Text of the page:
Product services being offered and convenience factor has same mean values and both are significantly and positively related to Islamic banking and results are consistent with the prior findings of Rashid, Hassan & Ahmad (2008); Ahmad & Haroon (2002); Okumus (2005); Akram, Rafique & Alam (2011).

Marimuthu, Jing, Gie, Mun & Ping (2010), Hin, Wei, Bohari & Zainol (2011), Gait & Worthington (2008) and Ahmad, Rehman, Saif & Safwan (2010). The overall Multimedia advertisement (MMA) is the least priority for the consumer of Islamic banking (mean=3.0617) as shown in Table 3,but if we look at regression results it shows a positive and significant relation between MMA and Islamic banking and results are consisting with the findings of Ndubisi (2007); Haque, Ahmed & Jahan (2010); and Rustam, Bibi, Zaman, Rustam & Haq (2011).These results indicate that Pakistani consumer behaviour about Islamic banking is more inclined toward quality of services religious views and cost benefits of products and services and less inclined towards convenience and advertisement. At last, the research indicates that people have little knowledge about the Islamic banking system in Pakistan. The mean 3.0617 indicates that people have impartial thought regarding this system. They know that Islamic banking system exists in the county but are not aware of the functioning of it (Aaker et al., 2001).

Table 3: Coefficients
Model Unstandardized Coefficients Standardized Coefficients T Sig.
B Std. Error Beta
1 (Constant) 0.892 0.690   1.293 0.199
RFF 0.298 0.113 0.287 2.630 0.010
CBF 0.127 0.123 0.104 1.034 0.004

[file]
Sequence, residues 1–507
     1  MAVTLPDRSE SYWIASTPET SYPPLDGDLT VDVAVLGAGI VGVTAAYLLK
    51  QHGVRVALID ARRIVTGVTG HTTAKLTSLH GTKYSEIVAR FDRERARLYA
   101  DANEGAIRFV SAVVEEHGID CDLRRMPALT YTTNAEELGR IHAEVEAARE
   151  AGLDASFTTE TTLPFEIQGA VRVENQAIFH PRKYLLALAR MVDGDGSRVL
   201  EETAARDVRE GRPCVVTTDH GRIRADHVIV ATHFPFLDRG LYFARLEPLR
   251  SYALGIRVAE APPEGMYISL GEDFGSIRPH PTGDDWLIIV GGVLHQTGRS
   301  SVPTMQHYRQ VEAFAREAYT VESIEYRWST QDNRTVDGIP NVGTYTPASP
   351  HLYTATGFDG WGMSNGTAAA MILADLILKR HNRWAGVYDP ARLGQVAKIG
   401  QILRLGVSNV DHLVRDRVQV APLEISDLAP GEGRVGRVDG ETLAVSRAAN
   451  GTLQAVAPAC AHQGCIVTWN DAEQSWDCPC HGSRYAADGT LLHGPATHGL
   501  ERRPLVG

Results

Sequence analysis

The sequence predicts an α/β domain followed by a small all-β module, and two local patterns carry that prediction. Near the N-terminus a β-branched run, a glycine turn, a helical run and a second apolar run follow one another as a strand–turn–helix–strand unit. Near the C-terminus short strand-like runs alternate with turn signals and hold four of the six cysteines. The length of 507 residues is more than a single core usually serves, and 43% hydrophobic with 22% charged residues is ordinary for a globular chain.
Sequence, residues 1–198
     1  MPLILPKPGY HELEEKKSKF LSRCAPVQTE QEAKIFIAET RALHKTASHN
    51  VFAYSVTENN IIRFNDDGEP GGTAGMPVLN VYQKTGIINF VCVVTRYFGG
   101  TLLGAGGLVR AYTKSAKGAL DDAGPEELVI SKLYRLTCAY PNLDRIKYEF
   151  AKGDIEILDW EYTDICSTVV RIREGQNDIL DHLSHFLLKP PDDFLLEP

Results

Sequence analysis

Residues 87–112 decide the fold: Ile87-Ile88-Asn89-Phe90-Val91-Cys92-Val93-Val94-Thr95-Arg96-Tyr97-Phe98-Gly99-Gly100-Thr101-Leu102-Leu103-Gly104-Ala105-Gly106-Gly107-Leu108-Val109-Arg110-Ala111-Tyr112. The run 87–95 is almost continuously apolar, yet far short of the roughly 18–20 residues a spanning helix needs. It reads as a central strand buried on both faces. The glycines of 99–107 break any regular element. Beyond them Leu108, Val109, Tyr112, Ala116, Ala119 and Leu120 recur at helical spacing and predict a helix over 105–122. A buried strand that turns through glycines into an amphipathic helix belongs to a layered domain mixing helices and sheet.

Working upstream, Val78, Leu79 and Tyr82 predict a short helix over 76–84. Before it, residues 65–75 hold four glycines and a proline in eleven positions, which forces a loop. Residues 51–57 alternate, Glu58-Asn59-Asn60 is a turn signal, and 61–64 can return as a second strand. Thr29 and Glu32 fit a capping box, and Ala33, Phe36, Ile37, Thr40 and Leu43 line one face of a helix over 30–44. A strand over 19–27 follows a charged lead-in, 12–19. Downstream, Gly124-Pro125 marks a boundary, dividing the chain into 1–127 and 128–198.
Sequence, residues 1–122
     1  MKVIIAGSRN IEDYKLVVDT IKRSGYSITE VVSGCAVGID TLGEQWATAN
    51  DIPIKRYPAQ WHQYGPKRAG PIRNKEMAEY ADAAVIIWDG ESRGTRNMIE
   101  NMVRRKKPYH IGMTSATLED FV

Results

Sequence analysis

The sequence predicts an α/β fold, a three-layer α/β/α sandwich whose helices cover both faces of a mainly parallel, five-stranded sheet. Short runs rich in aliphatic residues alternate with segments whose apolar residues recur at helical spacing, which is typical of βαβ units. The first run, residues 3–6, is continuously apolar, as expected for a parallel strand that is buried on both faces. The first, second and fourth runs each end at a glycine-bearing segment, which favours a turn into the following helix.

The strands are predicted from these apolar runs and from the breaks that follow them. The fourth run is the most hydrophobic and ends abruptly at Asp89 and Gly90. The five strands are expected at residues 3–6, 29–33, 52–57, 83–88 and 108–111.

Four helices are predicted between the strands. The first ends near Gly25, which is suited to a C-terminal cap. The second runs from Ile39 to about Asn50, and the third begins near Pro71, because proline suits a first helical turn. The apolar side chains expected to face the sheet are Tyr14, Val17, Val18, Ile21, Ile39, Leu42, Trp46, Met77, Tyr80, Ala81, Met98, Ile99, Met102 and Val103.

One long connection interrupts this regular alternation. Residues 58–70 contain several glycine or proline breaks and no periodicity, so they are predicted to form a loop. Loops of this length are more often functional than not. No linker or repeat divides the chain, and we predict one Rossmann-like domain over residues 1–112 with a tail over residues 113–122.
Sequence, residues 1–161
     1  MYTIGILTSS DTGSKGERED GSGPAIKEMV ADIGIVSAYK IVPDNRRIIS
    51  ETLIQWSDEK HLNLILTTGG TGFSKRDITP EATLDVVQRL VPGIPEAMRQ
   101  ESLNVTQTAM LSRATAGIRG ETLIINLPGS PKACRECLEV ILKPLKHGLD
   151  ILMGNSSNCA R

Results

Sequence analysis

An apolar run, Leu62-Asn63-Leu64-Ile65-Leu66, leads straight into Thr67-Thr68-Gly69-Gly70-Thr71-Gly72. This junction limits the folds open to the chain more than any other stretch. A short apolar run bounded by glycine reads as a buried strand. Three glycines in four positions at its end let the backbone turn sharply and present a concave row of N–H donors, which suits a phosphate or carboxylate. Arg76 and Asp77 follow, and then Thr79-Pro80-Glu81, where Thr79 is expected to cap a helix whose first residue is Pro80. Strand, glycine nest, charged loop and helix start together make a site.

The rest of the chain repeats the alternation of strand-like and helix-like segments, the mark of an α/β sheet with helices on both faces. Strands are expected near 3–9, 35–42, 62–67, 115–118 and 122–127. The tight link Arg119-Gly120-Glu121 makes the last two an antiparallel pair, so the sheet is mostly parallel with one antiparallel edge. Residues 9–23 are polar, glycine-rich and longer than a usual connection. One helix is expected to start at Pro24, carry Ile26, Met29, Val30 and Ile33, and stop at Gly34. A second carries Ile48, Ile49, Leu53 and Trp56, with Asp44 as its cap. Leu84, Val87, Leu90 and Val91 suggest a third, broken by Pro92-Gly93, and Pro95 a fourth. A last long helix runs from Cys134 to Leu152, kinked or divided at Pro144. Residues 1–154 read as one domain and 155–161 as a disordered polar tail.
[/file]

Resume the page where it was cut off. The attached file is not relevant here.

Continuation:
PSOF 0.097 0.133 0.076 0.731 0.006
CSQF 0.099 0.105 0.099 0.949 0.045
MMAF 0.183 0.186 0.117 0.983 0.128
CF 0.044 0.143 0.033 0.307 0.260
a. Dependent Variable: IBF

Conclusion

Islamic banking system can no longer rely on a marketing strategy to attract only customers that follow a religion, who may only consider Islam for using financial institutions. Important concepts that have been recognized in Table 3 of the several banks choosing criteria suggests the need for the Islamic Bank to strengthen the quality of its services which is now measured as a main element that marks a difference in the competitiveness of the institutions.

Results of this study also indicate that the products and services of Islamic banking have a decent scope in the banking sector of Pakistan. The profit-sharing principle is the only principle that can replace the element of interest in the Islamic banking system. In addition to this, there is another big issue which needs consideration and that is the need to increase education and public awareness for spreading the unique characteristics that an Islamic banking system holds and how these distinctive features beneficially fit according to the needs of customers in the financial dealings.
Following are some of the recommendations according to the findings of the study:

1. One of the exceptional features of IB system is the presence of ethical and moral values with its operations of banking. Specifying these values to the public can gain the intention of them towards Islamic banking system.

2. Islamic banks have also a deficiency of qualified Islamic scholars. To improve financial system, they should hire more scholars.

3. For penetrating into the conventional market Islamic banks should collaborate with different Islamic organizations and take the confidence of several religious icons for spreading the use of riba free system.

References